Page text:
FallStop is a quality improvement programme, developed in 2016, when we found there was a high number of falls at one of our hospitals and a failure to learn from serious incidents. The same site had performed poorly in the National Audit of Inpatient Falls in 2015 and we knew we needed to make a change.
Our aim was to reduce the incidence of falls and harm and embed falls prevention into everyday practice, by engaging clinical staff to identify patients at risk and implement harm prevention strategies. We chose target wards, on a rolling programme, starting with areas with a high number of falls and those where serious falls had occurred.
Integral to the success of FallStop is for wards to understand and own their data and culture. We discuss their fall incidents, rates and falls risk assessment audit results for the previous year. The focus is for each area to decide what they need and want to improve, which we do with their Falls Link Workers and Ward Manager.
To support the programme we recruited, to work with the nursing team, a single FallStop Associate Practitioner, whose primary role is to deliver a comprehensive training session to clinical staff. This covers completion of our Falls Risk Assessment and Care Plan, use of harm prevention strategies and post fall care. Over 1,000 clinical staff have received the full training, but the FallStop Associate Practitioner also supports clinical induction sessions every 2 weeks for new clinical staff, by providing a falls awareness session. A thorough falls risk assessment and development of a comprehensive care plan is the most important part of preventing falls and this is emphasised during training.
The programme has evolved and we have used innovative ways to improve all aspects, including keeping the data simple. Wards can self -audit their compliance with risk assessments and post fall care by using quick and simple electronic audits and have immediate results in colourful bar and pie charts. We also created a Falls Dashboard for overall Trust data, which is now being further developed to enable wards to drill down to their own data.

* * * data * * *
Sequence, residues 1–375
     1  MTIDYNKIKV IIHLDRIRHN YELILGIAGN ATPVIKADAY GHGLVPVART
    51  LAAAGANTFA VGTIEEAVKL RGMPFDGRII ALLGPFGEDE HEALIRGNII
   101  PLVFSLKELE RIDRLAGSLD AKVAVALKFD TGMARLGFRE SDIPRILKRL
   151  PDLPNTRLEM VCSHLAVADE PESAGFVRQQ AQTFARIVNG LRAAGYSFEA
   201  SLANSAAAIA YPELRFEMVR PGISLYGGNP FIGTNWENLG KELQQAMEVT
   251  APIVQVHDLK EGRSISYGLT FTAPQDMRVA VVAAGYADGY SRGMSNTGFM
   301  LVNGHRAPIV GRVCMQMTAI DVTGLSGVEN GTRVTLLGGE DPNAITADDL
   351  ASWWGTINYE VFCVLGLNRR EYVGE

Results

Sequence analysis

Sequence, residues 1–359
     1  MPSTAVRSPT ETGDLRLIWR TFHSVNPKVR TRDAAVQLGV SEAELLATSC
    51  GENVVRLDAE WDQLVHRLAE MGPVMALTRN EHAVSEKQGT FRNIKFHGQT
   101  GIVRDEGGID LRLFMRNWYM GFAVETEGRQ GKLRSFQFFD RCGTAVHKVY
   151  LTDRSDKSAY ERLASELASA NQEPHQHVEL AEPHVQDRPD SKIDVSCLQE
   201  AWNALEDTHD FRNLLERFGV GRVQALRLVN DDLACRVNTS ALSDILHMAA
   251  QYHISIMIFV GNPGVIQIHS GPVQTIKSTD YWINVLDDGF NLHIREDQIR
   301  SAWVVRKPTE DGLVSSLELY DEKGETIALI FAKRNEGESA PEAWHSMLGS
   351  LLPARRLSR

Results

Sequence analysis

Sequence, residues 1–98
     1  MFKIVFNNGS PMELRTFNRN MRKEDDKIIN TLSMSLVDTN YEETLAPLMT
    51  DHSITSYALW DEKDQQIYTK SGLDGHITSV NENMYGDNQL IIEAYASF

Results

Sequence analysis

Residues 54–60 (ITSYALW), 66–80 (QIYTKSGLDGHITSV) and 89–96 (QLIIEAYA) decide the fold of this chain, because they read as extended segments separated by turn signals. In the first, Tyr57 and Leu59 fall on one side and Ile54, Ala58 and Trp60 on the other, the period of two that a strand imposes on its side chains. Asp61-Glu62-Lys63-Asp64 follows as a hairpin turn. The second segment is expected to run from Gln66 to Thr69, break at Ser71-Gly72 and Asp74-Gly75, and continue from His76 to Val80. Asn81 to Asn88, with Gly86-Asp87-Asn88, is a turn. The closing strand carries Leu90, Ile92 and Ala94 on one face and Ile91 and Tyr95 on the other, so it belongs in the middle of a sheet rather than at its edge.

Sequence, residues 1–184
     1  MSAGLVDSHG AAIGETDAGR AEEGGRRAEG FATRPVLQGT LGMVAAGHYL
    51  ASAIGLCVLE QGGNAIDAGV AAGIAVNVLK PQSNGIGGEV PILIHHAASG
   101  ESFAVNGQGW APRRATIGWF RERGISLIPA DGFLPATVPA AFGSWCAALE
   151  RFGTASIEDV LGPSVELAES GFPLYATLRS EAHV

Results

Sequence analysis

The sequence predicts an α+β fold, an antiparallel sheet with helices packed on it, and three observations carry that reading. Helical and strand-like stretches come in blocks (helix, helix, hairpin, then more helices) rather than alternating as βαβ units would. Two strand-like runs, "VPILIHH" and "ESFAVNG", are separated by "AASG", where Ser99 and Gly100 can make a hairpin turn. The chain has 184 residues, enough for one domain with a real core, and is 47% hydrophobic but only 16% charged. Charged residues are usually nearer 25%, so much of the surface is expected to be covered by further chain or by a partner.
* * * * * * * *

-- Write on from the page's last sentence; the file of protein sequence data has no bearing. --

One of the things we sometimes find is that staff do not think that falls is a problem in their area. By sharing their data, discussing serious incidents and talking about training they become much more self-aware and are able to set and own their own goals.
In 2016-2017 (pre FallStop) the Trust fall rate was 5.79 per 1000 occupied bed days with the problem hospital rate at 5.55.
2017- 2018 (practitioner in post and programme being rolled out) the Trust rate was 5.34, problem hospital rate at 5.48.
In 2018-2019 (FallStop implemented), Trust rate at 5.05, problem hospital rate at 5.13. The avoidable hip fracture incidents have halved from 8 in the previous year to 4 in this year.
We are now helping wards to triangulate their own data. If they can see that staff have received FallStop training and that the number of falls and harms have decreased, they are able to recognise the value of the programme for their patients and team.
We have listened to our staff and are developing the Trust’s Falls Steering Group. Whilst it will continue to be chaired by the Deputy Chief Nurse, a representative body of band 7 clinical staff (usually, but not restricted to, Ward Managers) will become members. These are all volunteers who are passionate about preventing falls. We hope that this will enable a cohesive ward to board approach where we can all understand the issues facing clinical staff, whilst keeping clinical staff aware of local and national expectations. It has already improved understanding and is breaking down the barriers. As a result we are planning events for staff to ‘drop in’ and discuss falls and present their own ideas.
To celebrate staff achievements we are about to implement ’FallStop Friends.’ Our friends will be presented with certificates and appear in our Trust news and Twitter feed.
When we developed FallStop we wanted a unique branding and came up with our own logo. It is widely known across the Trust and we have shared this concept with our peers at other hospital Trusts. We use it for all our communication tools, from reports to desktops, posters to risk assessments.
Our next step is to choose what to do with our prize. We have decided to listen to our clinical staff at ‘drop ins’ and find out what they think makes a difference. We will then choose one or two of their ideas to help the Falls Prevention Team visit a hospital, team or service which is successfully addressing the chosen idea. We are committed to continue to develop FallStop locally and share our experience to support our peers in other Trusts with their own programmes.